Two Mega Deals Are About To Make US Paid TV A Lot Worse

Charlie sheen directv commercialDirecTVCharlie Sheen in a DirecTV commercial.

AT&T’s reported $US50 billion acquisition of DirecTV hasn’t raised the same kind of stink as Comcast’s impending purchase of Time Warner, but it should.

Here’s a quick refresher: According to multiple news reports from publications like Reuters, The Wall Street Journal, and Bloomberg, AT&T is trying to buy DirecTV for about $US100 per share, or the equivalent of about $US50 billion. That’s $US5 billion more than what Comcast wants to pay for Time Warner Cable. If DirecTV accepts the offer, we should get official word within about two weeks.

But the AT&T deal is arguably more dangerous for proponents of competition in paid TV and a free and open internet than the Comcast deal. That’s because it’d be counter to the biggest reason why Comcast thinks its acquisition of Time Warner Cable is legal.

According to Comcast, it’s not an anticompetitive move to purchase Time Warner Cable because the two companies don’t directly compete in the markets they currently serve. (That argument is also bogus. In fact, Comcast listed Time Warner Cable as a competitor when it was trying to buy NBC Universal a few years ago. But let’s tackle that another time.)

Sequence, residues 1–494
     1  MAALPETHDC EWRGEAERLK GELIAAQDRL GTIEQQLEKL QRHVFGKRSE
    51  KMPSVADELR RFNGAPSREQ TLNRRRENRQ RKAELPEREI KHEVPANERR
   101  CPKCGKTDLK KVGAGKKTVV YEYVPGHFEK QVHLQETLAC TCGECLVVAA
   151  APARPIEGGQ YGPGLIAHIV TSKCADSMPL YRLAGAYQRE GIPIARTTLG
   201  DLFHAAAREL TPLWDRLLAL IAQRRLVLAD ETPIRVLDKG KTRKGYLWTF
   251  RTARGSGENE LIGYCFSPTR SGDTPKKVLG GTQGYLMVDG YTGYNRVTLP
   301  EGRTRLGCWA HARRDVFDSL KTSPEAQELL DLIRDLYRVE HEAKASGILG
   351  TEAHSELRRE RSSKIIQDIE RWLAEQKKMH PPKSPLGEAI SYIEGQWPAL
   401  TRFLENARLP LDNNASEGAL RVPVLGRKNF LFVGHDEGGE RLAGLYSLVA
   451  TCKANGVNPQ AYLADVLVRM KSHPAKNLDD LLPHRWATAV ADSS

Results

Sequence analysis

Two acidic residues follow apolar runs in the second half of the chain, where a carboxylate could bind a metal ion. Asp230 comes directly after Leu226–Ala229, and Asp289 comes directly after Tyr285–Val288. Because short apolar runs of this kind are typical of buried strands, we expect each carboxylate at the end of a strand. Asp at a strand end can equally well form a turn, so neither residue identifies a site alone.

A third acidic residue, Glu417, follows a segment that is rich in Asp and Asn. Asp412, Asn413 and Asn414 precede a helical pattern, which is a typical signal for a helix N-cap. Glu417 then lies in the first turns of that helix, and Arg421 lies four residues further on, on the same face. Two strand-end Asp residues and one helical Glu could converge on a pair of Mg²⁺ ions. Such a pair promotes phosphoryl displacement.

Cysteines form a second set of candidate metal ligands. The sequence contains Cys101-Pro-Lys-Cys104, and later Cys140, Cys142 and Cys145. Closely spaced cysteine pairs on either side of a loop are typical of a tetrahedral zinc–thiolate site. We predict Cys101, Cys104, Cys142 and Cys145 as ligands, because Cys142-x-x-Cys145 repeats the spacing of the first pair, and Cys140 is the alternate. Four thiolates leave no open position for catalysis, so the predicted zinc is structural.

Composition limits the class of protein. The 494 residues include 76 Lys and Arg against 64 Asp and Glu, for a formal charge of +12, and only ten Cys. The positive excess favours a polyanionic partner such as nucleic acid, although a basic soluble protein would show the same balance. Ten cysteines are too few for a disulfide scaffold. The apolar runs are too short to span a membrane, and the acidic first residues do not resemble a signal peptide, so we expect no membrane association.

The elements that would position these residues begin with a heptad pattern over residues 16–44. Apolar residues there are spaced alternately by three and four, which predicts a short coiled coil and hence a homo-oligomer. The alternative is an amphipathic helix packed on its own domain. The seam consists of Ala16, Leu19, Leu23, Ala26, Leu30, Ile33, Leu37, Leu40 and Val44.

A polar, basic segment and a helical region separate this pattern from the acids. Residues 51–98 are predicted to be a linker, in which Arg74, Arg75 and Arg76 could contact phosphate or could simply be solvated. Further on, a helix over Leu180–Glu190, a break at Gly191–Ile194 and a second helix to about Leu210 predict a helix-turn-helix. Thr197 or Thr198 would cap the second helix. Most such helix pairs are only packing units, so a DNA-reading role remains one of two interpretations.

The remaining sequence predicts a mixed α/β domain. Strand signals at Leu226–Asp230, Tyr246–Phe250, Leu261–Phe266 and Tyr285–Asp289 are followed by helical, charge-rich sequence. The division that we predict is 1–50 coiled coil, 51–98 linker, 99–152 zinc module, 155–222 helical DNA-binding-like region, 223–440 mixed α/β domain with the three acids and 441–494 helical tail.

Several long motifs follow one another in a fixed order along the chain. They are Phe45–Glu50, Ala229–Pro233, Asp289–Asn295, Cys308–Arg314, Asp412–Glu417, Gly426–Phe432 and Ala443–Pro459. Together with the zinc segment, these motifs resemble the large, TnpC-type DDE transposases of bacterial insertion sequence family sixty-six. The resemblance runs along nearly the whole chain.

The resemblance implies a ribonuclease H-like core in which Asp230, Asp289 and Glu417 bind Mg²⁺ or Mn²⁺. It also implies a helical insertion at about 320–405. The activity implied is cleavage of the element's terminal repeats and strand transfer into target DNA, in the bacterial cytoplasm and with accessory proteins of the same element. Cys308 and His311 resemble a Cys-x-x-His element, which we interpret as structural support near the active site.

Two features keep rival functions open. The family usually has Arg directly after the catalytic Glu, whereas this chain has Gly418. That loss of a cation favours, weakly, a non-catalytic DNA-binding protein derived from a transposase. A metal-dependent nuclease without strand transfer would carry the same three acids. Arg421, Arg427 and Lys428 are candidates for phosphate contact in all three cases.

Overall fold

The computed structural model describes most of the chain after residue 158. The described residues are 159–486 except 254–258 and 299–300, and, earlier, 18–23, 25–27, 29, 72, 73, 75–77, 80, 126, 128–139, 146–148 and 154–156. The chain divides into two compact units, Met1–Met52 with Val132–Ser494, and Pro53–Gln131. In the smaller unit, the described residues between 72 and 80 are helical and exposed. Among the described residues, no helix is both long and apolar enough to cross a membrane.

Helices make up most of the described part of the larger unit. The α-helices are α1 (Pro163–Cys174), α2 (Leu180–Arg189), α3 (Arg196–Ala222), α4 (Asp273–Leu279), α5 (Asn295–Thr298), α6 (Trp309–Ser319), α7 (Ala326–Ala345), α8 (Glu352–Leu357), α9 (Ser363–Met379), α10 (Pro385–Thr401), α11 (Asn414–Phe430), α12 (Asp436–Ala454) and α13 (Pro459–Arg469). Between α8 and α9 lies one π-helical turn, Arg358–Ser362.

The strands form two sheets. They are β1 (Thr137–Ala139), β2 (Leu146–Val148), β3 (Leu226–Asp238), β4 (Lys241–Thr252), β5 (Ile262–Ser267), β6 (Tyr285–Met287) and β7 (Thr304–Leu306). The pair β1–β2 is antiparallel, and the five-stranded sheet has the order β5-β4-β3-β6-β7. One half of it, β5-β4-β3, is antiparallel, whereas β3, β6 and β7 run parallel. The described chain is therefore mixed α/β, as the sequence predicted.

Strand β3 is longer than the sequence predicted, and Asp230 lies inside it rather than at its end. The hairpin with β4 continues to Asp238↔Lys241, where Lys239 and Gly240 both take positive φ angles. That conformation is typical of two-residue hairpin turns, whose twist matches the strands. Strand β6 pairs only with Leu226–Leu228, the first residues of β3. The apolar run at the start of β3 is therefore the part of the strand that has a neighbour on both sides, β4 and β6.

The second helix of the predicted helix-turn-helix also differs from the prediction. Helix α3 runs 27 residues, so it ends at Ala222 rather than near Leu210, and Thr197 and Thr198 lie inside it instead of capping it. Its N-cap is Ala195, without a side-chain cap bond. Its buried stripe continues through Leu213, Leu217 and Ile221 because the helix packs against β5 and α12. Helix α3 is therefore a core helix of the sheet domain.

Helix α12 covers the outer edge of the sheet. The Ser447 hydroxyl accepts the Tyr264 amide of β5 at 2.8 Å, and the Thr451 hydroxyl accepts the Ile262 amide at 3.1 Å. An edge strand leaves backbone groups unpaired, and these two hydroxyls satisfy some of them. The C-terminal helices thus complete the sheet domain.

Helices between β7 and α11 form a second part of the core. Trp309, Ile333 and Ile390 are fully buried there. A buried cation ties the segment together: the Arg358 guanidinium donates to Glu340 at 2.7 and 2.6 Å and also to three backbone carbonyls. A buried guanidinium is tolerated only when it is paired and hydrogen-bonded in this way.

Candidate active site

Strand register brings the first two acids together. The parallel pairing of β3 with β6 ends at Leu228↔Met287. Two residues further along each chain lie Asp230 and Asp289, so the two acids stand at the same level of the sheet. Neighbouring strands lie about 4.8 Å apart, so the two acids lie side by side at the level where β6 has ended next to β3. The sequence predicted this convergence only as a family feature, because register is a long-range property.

DirecTV is a satellite service that’s available just about anywhere in the US, including markets where AT&T’s paid TV service called U-Verse already exists. If the Department of Justice allows Comcast to buy Time Warner because the two don’t compete in the same markets, how can it justify doing the same for AT&T, which does compete for the same customers as DirecTV?

On the other hand, AT&T will have some leverage. Assuming the Comcast-Time Warner deal goes through, and it almost certainly will, AT&T can use that merger to argue that it will provide a counterweight to the inevitable Comcast behemoth.

That’s not a good thing. It’d consolidate a lot of the power of paid TV and broadband internet in two companies: AT&T and Comcast. Those companies will have a lot more leverage when negotiating pricing for content and advertising, which could result in higher prices for you.

It will be interesting to see how AT&T decides to spin this if and when it formally announces the deal.

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